25 May 2010
We all are aware that war leads to difficult situations. In regard to detainees, we've seen terrorists released only to strike again. Yet in the interest of justice we are concerned about detaining potentially innocent people. Difficult times, difficult answers. In summary, some detainees at Bagram are trying to use American courts to chisel their way out.
Last year, a group of people were asked to join in offering an opinion to the court. Those were: Special Forces Association, U.S. Army Ranger Association, Senator Lindsey Graham, Col. (ret) Abraham German, Wade Ishimoto, Prof. Andrew Nichols Pratt, Dr. Dennis Walters, Rear Admiral (ret) George Worthington, Michael Yon and Senator Ryan Zinke.
The good attorneys who are trying to keep us from getting blown up by repeat offenders emailed today. The above parties received the following message from Attorneys David Rivkin and Carlos Ramos Mrosovsky:
We are very happy to report a tremendous success in the Maqaleh litigation before the D.C. Circuit. Last Friday, the panel of three judges handed down their decision, as well as an opinion by Chief Judge Sentelle, which reversed the district court and ordered that the Bagram detainees' habeas petitions be dismissed. We have attached Judge Sentelle's opinion for your review.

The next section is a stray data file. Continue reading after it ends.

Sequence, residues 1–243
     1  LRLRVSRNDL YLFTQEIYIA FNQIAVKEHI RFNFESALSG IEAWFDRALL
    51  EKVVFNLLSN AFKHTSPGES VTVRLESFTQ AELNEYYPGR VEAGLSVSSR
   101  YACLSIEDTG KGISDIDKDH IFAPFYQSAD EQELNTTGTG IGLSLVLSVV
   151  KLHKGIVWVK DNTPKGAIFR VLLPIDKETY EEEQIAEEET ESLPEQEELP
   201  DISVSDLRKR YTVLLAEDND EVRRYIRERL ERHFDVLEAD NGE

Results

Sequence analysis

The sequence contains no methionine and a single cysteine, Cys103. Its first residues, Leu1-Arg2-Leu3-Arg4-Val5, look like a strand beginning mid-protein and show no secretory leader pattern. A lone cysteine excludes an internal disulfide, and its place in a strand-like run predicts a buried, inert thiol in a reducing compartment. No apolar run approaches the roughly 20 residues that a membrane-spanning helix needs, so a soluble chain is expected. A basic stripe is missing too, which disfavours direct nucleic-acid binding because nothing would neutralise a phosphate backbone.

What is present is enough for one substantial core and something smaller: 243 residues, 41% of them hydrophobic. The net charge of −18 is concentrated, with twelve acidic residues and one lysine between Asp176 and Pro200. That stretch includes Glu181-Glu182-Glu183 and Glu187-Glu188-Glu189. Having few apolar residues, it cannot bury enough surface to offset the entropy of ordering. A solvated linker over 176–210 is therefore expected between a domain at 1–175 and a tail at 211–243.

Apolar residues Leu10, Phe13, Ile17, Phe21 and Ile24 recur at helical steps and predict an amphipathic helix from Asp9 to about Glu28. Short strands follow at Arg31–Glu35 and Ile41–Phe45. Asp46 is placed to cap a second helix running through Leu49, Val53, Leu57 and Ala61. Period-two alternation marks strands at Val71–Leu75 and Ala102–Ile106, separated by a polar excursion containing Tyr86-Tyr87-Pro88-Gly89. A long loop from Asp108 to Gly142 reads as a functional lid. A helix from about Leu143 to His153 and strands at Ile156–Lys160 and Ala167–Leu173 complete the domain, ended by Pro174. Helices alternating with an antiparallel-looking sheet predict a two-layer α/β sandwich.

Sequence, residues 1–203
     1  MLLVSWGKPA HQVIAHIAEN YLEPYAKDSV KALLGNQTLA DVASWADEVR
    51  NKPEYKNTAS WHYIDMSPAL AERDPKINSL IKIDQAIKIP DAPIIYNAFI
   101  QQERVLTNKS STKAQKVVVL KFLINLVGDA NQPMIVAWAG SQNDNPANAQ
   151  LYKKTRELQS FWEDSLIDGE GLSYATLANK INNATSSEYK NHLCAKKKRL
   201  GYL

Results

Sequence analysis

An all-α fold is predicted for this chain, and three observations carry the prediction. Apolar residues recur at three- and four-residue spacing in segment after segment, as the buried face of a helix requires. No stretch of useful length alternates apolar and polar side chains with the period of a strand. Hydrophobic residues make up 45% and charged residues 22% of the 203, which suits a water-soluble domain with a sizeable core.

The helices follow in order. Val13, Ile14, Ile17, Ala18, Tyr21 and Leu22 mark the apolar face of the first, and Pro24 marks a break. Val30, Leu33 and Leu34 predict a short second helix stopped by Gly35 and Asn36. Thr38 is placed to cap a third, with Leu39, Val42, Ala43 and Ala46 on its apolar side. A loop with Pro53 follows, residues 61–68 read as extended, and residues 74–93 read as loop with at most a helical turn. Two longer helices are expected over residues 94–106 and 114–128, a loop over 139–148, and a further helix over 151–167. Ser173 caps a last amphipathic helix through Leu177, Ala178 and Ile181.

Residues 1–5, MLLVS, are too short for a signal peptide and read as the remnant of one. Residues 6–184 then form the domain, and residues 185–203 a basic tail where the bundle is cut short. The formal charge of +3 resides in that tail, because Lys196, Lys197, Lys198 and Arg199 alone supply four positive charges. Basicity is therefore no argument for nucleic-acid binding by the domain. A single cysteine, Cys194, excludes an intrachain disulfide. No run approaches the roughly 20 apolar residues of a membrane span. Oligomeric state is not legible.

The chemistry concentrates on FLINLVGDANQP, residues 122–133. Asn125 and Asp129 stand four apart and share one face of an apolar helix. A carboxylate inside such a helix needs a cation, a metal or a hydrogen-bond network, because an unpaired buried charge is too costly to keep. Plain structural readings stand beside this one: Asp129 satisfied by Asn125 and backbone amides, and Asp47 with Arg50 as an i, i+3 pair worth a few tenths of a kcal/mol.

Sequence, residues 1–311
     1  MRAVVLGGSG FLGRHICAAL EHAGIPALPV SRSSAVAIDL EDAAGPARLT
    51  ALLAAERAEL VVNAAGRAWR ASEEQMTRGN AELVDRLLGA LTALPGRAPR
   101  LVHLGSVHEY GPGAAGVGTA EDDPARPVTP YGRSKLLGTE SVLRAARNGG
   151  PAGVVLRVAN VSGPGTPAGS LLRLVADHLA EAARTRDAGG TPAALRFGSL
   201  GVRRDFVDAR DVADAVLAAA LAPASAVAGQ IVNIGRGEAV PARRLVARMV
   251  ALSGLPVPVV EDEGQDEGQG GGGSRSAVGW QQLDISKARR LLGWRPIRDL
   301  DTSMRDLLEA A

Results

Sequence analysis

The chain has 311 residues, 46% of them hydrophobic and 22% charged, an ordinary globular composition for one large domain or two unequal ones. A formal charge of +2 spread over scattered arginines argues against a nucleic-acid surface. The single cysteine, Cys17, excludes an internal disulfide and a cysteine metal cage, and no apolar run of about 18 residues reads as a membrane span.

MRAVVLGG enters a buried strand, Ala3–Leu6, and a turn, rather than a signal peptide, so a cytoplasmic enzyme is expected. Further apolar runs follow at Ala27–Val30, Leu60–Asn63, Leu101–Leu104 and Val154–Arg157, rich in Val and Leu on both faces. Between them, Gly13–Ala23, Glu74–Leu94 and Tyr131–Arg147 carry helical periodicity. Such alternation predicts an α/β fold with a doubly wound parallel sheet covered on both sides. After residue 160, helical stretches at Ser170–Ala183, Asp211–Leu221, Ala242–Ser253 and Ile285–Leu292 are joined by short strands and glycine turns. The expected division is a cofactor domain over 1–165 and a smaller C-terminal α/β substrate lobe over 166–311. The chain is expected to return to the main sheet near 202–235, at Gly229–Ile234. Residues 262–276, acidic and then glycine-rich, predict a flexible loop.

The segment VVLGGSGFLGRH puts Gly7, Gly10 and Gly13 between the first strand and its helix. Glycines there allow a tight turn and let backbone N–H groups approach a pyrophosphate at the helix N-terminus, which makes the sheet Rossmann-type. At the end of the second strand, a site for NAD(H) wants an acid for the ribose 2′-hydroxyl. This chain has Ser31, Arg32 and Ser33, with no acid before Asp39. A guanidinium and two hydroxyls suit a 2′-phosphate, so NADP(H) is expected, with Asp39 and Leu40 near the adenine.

It appears that our amicus brief was right on target. While both the government and counsel for the detainees made "bright line" arguments -- that is, they argued that habeas rights should always or should never apply on U.S. military bases overseas -- the court refused to accept either extreme position. Instead, it focused on the "practical factors" which were emphasized in our brief. In this regard, the most important language appears on page 22 of the decision: " . . . we hold that the third factor, that is 'the practical obstacles inherent in resolving the prisoner’s entitlement to the writ . . . weighs overwhelmingly in favor of the position of the United States." The court then concluded that the fact that Bagram is located within an active theater of war weighed strongly against extending habeas rights to detainees held there. Given the court's emphasis on the "practical difficulties" side of the analysis, we feel confident that the involvement of amici who could speak with ultimate credibility as to those difficulties cannot but have made an immense impact.
At this stage, it is too early to know whether counsel for the detainees will seek a final appeal to the Supreme Court. Even if she does so, however, we believe that, given the unanimous nature of the D.C. Circuit panel's decision and its well-reasoned character, the Supreme Court is most unlikely to grant this request. Overall, the D.C. Circuit's Maqaleh decision represents a significant victory.
Thank you again for your participation in this amicus briefing project. Please do not hesitate to contact us if you have any questions.
David & Carlos